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Middlemarch by George Eliot

Part 18 out of 18

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Certainly those determining acts of her life were not ideally beautiful.
They were the mixed result of young and noble impulse struggling
amidst the conditions of an imperfect social state, in which great
feelings will often take the aspect of error, and great faith the
aspect of illusion. For there is no creature whose inward being is
so strong that it is not greatly determined by what lies outside it.
A new Theresa will hardly have the opportunity of reforming
a conventual life, any more than a new Antigone will spend her
heroic piety in daring all for the sake of a brother's burial:
the medium in which their ardent deeds took shape is forever gone.
But we insignificant people with our daily words and acts are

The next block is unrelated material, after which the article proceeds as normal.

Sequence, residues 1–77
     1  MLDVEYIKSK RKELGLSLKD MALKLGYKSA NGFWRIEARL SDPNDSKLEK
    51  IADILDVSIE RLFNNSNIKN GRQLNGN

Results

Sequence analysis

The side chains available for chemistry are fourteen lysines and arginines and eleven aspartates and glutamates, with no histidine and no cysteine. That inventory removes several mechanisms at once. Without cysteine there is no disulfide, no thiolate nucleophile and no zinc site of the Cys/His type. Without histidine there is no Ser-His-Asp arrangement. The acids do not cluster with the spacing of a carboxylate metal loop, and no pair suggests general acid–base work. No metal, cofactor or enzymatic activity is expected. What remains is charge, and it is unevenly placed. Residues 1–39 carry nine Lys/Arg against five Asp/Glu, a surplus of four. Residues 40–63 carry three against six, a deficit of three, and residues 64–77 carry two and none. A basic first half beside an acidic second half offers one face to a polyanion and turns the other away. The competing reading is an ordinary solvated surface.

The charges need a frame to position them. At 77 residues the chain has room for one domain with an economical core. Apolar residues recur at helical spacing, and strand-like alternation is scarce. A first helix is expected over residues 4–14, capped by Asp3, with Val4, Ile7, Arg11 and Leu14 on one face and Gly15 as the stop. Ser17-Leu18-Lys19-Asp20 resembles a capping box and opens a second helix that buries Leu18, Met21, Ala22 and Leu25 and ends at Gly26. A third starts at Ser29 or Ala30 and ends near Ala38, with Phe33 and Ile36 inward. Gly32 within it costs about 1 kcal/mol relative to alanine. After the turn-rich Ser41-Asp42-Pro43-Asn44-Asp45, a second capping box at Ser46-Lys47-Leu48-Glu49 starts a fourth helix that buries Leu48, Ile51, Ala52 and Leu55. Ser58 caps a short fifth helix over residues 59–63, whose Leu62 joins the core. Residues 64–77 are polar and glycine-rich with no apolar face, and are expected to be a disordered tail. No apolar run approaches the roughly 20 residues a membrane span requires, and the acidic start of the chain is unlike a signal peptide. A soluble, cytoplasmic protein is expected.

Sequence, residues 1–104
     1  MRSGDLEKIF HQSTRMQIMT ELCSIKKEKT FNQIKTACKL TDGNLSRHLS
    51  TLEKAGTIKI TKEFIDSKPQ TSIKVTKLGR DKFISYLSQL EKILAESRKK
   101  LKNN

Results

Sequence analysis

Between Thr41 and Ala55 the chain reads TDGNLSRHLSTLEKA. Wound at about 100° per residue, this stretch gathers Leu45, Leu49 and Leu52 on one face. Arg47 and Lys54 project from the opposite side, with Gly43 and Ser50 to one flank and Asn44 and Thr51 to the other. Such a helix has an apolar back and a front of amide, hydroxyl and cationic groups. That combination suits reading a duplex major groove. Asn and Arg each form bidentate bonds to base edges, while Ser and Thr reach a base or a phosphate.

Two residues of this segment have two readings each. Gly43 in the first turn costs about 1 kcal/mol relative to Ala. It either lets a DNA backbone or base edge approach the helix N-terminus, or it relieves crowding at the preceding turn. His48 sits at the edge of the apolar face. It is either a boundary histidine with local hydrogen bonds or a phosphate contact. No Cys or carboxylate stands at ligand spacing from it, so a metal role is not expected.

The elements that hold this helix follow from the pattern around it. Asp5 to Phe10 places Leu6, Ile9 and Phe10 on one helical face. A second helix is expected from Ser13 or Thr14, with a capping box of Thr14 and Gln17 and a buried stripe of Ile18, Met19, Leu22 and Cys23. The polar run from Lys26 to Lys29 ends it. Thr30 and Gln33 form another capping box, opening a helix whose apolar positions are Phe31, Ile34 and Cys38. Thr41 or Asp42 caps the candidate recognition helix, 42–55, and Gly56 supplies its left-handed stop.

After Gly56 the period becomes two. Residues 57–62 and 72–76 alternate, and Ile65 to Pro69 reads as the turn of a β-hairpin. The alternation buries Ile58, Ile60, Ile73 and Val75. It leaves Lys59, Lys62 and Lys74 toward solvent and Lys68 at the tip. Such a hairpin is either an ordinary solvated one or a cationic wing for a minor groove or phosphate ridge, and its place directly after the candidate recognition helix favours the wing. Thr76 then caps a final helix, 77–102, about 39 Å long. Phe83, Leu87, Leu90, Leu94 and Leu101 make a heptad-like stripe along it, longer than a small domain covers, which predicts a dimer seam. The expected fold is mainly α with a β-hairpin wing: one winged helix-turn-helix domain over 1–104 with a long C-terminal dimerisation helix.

preparing the lives of many Dorotheas, some of which may present
a far sadder sacrifice than that of the Dorothea whose story we know.

Her finely touched spirit had still its fine issues, though they were
not widely visible. Her full nature, like that river of which Cyrus
broke the strength, spent itself in channels which had no great
name on the earth. But the effect of her being on those around
her was incalculably diffusive: for the growing good of the world
is partly dependent on unhistoric acts; and that things are not so
ill with you and me as they might have been, is half owing to the
number who lived faithfully a hidden life, and rest in unvisited tombs.

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